Information technology is a tricky field. There is a whole list of things you need to know to establish yourself after getting your information systems degree. The list might vary, depending on your exact role and the technical you’ll be handling. But as you develop your career and move into management, you will find that the technical competencies are no longer enough. There are other areas to master.
Market analyst firm Gartner in its annual survey of CIOs asked them which three leadership traits would be most important for CIOs in the future. The answers split into roughly groups: core leadership traits, technology executive traits, and specific traits associated with IT, as this Gartner diagram shows.
Knowing what you need is the first step to developing it so you can further develop your career. The top three answers — business knowledge and acumen, communications and influence, and personal and professional demeanor — fall into the business, influence and communicate, and personal categories. These are core abilities that could easily be transposed to any other sort of executive. This is a reminder that IT is still part of businesses, and that technical executives must understand how business works, how to effectively with others, and how to comport themselves. In other words, at the top of an IT department, you’re first an executive and second someone with a technology background.
You might call the middle layer in this model the execution layer, because this is where you take leadership traits and put them into use. Such execution skills as delegation, managing subordinates, interpreting metrics about the business, and constructing tactics are just some of the tools you will use daily to accomplish things. Relationship building? Absolutely key. No department in a company exists on its own terms. IT has to work with other departments to understand their needs, recruit executive support for projects, and both source and build solutions that address the real needs of the company. Relationships are also necessary for you to push back when appropriate and explain why the new technology that a vice president wants might not actually deliver what he or she thinks it will. Technology vision may seem the easiest of the three for someone with a technical background, but it is more than knowing arcane details.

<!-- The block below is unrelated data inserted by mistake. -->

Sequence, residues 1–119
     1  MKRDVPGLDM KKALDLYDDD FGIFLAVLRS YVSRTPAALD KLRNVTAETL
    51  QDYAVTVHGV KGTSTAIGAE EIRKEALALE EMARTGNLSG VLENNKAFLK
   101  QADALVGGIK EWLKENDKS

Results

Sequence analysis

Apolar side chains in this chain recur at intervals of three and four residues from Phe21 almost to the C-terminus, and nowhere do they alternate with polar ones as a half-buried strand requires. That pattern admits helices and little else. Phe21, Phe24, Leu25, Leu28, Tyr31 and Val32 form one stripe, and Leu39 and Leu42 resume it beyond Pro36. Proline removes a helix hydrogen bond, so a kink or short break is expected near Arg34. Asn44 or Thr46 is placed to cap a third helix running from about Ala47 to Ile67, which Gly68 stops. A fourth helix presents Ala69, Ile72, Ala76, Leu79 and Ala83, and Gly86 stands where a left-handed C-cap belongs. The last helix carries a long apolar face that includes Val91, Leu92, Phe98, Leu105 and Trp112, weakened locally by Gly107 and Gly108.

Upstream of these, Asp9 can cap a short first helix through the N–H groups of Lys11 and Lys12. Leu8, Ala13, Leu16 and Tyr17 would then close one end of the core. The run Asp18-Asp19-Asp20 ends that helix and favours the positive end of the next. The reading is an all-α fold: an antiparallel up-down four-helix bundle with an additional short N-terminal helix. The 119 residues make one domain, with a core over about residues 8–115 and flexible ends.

Vision means seeing future trends and evaluating what will work for the developing needs of the company. Only on the very outer edge come the tasks associated with IT. Although many in the industry assume this is the center of managing information technology, it is on the periphery. To manage well, you need the core and executive traits to inform decisions. If you want to enter IT management, it is a reason to consider working for an MBA to expand your understanding and skills.